Cancer Immunology, Immunotherapy

, Volume 67, Issue 4, pp 663–674 | Cite as

Epstein–Barr virus strain heterogeneity impairs human T-cell immunity

  • Ana Cirac
  • Simon Stützle
  • Michael Dieckmeyer
  • Dinesh Adhikary
  • Andreas Moosmann
  • Nina Körber
  • Tanja Bauer
  • Klaus Witter
  • Henri-Jacques Delecluse
  • Uta Behrends
  • Josef MautnerEmail author
Original Article


The Epstein–Barr virus (EBV) establishes lifelong infections in > 90% of the human population. Although contained as asymptomatic infection by the immune system in most individuals, EBV is associated with the pathogenesis of approximately 1.5% of all cancers in humans. Some of these EBV-associated tumors have been successfully treated by the infusion of virus-specific T-cell lines. Recent sequence analyses of a large number of viral isolates suggested that distinct EBV strains have evolved in different parts of the world. Here, we assessed the impact of such sequence variations on EBV-specific T-cell immunity. With the exceptions of EBNA2 and the EBNA3 family of proteins, an overall low protein sequence disparity of about 1% was noted between Asian viral isolates, including the newly characterized M81 strain, and the prototypic EBV type 1 and type 2 strains. However, when T-cell epitopes including their flanking regions were compared, a substantial proportion was found to be polymorphic in different EBV strains. Importantly, CD4+ and CD8+ T-cell clones specific for viral epitopes from one strain often showed diminished recognition of the corresponding epitopes in other strains. In addition, T-cell recognition of a conserved epitope was affected by amino acid exchanges within the epitope flanking region. Moreover, the CD8+ T-cell response against polymorphic epitopes varied between donors and often ignored antigen variants. These results demonstrate that viral strain heterogeneity may impair antiviral T-cell immunity and suggest that immunotherapeutic approaches against EBV should preferably target broad sets of conserved epitopes including their flanking regions.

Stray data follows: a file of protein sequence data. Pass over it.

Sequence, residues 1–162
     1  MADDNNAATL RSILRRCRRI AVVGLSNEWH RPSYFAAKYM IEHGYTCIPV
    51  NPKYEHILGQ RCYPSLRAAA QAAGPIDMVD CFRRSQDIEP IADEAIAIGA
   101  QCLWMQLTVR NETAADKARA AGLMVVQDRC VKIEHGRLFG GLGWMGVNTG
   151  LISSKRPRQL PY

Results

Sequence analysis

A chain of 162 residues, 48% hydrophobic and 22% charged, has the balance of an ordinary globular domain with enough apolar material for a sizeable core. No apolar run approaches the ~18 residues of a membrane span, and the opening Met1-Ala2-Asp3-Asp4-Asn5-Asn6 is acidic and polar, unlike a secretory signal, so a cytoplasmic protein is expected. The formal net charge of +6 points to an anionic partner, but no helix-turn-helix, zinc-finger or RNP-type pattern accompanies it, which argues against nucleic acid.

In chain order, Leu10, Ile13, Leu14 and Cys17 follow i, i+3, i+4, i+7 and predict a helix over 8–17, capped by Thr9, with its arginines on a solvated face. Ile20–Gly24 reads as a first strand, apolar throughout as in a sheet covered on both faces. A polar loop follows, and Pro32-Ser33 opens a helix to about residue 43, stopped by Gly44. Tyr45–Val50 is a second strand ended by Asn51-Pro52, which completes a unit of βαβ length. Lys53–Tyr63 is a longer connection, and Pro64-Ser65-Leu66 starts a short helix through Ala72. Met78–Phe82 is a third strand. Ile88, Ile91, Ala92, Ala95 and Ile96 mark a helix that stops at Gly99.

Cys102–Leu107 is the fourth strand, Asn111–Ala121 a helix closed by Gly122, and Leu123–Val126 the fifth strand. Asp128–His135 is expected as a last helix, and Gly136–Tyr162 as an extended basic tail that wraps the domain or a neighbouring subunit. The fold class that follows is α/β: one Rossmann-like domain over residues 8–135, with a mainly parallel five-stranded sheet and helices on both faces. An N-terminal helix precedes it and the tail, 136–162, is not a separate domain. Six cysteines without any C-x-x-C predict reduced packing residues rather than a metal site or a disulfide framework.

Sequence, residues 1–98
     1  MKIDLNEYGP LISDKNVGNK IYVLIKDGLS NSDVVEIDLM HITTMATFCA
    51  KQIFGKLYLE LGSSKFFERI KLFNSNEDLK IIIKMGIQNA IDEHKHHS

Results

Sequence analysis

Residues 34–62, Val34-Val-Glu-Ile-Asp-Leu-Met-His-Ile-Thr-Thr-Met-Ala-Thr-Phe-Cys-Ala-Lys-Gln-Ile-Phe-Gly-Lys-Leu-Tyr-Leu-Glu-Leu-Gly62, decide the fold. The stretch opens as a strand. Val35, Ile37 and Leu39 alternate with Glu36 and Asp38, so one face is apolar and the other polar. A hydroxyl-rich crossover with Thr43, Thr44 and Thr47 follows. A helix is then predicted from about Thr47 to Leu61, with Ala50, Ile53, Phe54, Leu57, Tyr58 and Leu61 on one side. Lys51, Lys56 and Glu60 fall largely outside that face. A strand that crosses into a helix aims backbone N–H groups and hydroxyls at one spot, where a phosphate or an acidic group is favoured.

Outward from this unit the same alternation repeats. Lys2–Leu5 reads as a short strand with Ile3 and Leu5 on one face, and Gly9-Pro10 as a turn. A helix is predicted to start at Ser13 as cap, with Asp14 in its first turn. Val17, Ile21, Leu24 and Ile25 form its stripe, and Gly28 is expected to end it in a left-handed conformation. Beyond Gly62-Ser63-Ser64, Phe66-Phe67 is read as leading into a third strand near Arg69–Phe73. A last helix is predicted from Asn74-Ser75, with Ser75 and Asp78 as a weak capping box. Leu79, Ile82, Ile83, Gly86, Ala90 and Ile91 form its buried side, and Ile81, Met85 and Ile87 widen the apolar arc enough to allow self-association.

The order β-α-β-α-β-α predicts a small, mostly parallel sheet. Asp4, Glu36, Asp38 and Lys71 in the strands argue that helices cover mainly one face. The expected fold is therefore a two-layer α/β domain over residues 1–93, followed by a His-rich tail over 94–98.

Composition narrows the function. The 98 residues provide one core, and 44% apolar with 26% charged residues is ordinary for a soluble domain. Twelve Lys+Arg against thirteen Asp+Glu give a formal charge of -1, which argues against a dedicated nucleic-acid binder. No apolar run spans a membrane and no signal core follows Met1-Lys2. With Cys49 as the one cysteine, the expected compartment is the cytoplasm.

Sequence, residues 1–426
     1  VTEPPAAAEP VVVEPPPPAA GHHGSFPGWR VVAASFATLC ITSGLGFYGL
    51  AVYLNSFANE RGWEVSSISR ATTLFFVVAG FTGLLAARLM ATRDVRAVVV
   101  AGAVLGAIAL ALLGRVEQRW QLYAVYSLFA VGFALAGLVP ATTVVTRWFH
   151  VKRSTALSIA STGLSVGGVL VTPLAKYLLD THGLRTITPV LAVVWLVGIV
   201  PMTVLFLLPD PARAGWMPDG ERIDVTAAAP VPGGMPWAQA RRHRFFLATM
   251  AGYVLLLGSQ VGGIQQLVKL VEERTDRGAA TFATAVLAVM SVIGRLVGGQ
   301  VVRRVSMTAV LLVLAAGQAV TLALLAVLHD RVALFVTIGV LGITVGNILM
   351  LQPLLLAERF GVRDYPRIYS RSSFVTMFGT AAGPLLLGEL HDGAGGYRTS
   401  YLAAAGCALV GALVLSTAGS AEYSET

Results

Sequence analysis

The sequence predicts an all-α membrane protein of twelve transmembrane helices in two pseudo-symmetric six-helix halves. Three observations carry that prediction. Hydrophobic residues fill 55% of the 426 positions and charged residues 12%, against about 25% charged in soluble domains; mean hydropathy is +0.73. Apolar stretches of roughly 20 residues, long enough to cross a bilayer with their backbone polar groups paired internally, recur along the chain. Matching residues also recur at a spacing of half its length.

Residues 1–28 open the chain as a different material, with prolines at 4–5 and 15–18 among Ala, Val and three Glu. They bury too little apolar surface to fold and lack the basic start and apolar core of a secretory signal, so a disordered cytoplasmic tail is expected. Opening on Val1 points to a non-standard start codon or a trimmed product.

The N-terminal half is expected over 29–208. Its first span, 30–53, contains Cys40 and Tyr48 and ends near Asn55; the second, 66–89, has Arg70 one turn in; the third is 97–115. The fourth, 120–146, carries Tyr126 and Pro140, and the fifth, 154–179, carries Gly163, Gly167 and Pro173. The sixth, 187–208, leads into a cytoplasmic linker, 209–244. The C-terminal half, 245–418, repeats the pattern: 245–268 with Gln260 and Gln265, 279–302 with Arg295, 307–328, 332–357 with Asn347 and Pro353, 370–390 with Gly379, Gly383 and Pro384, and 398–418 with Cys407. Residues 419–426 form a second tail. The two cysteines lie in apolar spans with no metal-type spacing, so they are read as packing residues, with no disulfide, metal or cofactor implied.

T-cell therapy Epstein–Barr virus Strain variation Epitope Immunity 



Epstein–Barr virus nuclear antigen


Epstein–Barr virus




Hexahistidine tag




Lymphoblastoid B-cell line


Latent membrane protein


Nasopharyngeal carcinoma


Post-transplant lymphoproliferative disease



The excellent technical support by Grit Müller-Neumann and Dorothea Seubert is greatly appreciated.

Author contributions

U. Behrends and J. Mautner conceived and designed the study. A. Cirac, S. Stützle, M. Dieckmeyer, and D. Adhikary contributed to the acquisition, analysis, and interpretation of data. A. Cirac and M. Dieckmeyer performed the statistical analysis. A. Moosmann, N. Körber, T. Bauer, K. Witter, and H-J. Delecluse provided essential reagents and technical and material support. A. Cirac, U. Behrends and J. Mautner wrote the paper and all authors made substantial contributions to data analysis and interpretation, manuscript editing, review and approval.


This study was supported by the German Center for Infection Research - DZIF (TTU 07.804). A. Cirac was supported by the Technische Universität München (TUM) Graduate School.

Compliance with ethical standards

Conflict of interest

The authors declare that they have no conflict of interest.

Informed consent

Informed consent was obtained from all individual participants included in the study. All procedures involving human participants were in accordance with the ethical standards of the institutional research committee of the Technische Universität München and with the 1964 Helsinki declaration and its later amendments or comparable ethical standards.

Supplementary material

262_2018_2118_MOESM1_ESM.pdf (591 kb)
Supplementary material 1 (PDF 591 KB)


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Copyright information

© Springer-Verlag GmbH Germany, part of Springer Nature 2018

Authors and Affiliations

  • Ana Cirac
    • 1
    • 2
    • 3
  • Simon Stützle
    • 4
  • Michael Dieckmeyer
    • 5
  • Dinesh Adhikary
    • 1
    • 2
    • 3
  • Andreas Moosmann
    • 6
  • Nina Körber
    • 3
    • 4
  • Tanja Bauer
    • 3
    • 4
  • Klaus Witter
    • 7
  • Henri-Jacques Delecluse
    • 3
    • 8
  • Uta Behrends
    • 1
    • 2
    • 3
  • Josef Mautner
    • 1
    • 2
    • 3
    Email author
  1. 1.Children’s HospitalTechnische Universität MünchenMunichGermany
  2. 2.Research Unit Gene VectorsHelmholtz Zentrum MünchenMunichGermany
  3. 3.German Centre for Infection Research (DZIF)MunichGermany
  4. 4.Institute of VirologyTechnische Universität München/Helmholtz Zentrum MünchenMunichGermany
  5. 5.Department of Diagnostic and Interventional RadiologyTechnische Universität MünchenMunichGermany
  6. 6.DZIF Research Group Host Control of Viral Latency and ReactivationHelmholtz Zentrum MünchenMunichGermany
  7. 7.Laboratory of ImmunogeneticsLudwig-Maximilians UniversitätMunichGermany
  8. 8.German Cancer Research Center (DKFZ) Unit F100 and Institut National de la Santé et de la Recherche Médicale Unit U1074HeidelbergGermany

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